How to File a Lawsuit


The process of a lawsuit begins with the proper service of a complaint and summons. Before a lawsuit can proceed, there must be a dispute between the parties that requires judicial intervention. Then, a plaintiff must file a complaint. In most states, the plaintiff must include a prayer for relief and request damages, in addition to any other facts that support her claims. In some states, the plaintiff must also file a counterclaim to resolve the dispute.

Whether you decide to file a lawsuit for monetary compensation or a restraining order, you need an attorney. An attorney will be able to help you navigate the legal system and ensure that you comply with any rules and deadlines you may have overlooked. If you fail to comply with these deadlines, it could mean the case is dismissed or is won without you. In many cases, there is a set procedure for filing a lawsuit, and this can differ between states.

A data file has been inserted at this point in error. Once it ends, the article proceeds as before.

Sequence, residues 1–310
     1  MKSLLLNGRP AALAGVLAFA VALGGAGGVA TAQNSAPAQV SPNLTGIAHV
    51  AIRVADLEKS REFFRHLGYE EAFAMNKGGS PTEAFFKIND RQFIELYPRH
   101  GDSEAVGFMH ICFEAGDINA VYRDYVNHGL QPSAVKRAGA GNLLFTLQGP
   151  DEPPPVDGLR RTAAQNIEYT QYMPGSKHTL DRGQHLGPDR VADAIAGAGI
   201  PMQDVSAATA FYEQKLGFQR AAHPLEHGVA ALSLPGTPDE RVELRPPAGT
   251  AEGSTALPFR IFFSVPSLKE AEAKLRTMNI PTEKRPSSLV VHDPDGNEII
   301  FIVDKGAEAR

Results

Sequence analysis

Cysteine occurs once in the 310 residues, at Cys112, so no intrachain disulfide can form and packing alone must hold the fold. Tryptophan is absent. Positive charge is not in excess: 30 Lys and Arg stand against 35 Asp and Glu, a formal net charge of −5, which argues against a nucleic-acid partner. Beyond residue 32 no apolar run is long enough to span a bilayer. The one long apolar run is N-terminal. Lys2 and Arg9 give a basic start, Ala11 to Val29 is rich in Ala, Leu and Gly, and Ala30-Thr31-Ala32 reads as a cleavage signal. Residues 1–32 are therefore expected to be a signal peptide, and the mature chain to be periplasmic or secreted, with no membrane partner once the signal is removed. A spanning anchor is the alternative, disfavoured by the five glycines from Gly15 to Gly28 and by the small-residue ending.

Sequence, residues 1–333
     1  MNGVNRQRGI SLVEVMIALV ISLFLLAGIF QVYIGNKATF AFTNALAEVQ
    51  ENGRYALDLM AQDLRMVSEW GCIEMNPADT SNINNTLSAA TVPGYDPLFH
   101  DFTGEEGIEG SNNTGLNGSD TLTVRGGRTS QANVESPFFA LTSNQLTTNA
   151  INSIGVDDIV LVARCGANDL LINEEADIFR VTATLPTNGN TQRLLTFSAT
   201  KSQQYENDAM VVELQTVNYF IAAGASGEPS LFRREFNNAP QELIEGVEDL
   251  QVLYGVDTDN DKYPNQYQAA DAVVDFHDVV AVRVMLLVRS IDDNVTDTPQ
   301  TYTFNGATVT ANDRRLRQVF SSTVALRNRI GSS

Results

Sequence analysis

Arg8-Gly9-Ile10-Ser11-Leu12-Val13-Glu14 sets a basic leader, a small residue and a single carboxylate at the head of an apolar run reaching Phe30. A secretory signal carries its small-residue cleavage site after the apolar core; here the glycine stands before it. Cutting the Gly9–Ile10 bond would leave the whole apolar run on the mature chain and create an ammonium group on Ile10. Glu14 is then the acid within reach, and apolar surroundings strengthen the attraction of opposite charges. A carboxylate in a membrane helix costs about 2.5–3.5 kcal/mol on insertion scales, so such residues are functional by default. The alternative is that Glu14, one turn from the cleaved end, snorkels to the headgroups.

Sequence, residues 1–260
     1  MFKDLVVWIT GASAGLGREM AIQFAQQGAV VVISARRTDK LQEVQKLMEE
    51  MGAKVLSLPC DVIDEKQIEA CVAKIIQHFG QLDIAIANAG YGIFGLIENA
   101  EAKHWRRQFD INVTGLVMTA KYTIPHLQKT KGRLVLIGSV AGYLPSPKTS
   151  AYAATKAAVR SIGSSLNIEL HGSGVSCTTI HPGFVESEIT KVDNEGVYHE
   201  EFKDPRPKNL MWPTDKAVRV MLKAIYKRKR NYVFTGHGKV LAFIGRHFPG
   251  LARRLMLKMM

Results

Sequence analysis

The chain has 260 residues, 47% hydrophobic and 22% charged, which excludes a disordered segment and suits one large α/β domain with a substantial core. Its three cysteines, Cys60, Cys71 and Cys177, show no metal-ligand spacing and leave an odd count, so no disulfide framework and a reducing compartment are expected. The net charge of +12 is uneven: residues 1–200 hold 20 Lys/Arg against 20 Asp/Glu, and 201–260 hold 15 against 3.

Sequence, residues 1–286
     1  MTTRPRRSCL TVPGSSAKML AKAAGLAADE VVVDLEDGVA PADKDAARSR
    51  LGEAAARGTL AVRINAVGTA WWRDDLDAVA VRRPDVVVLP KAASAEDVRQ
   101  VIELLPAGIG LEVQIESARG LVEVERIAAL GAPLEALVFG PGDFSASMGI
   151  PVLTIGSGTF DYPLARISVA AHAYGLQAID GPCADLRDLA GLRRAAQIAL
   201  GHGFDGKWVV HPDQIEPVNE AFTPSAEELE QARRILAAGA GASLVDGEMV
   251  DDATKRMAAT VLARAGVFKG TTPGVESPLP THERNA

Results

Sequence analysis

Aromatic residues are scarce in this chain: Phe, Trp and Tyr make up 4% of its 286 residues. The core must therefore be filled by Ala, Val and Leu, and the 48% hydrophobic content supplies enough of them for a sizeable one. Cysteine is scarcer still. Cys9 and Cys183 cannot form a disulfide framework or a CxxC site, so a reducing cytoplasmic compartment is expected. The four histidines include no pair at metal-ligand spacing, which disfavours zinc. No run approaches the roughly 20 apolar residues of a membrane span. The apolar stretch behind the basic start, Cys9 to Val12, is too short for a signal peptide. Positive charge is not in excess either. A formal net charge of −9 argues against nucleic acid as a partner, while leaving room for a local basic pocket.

In order to file a lawsuit, a plaintiff must file a complaint against the defendant. This complaint describes the harm the defendant has caused the plaintiff. The plaintiff may also seek monetary compensation from the defendant, or seek an injunction. Once the plaintiff has filed the complaint, a court officer must serve the complaint and summons to the defendant. This process provides the defendant with a basic description of the case and an anticipated deadline for reply.

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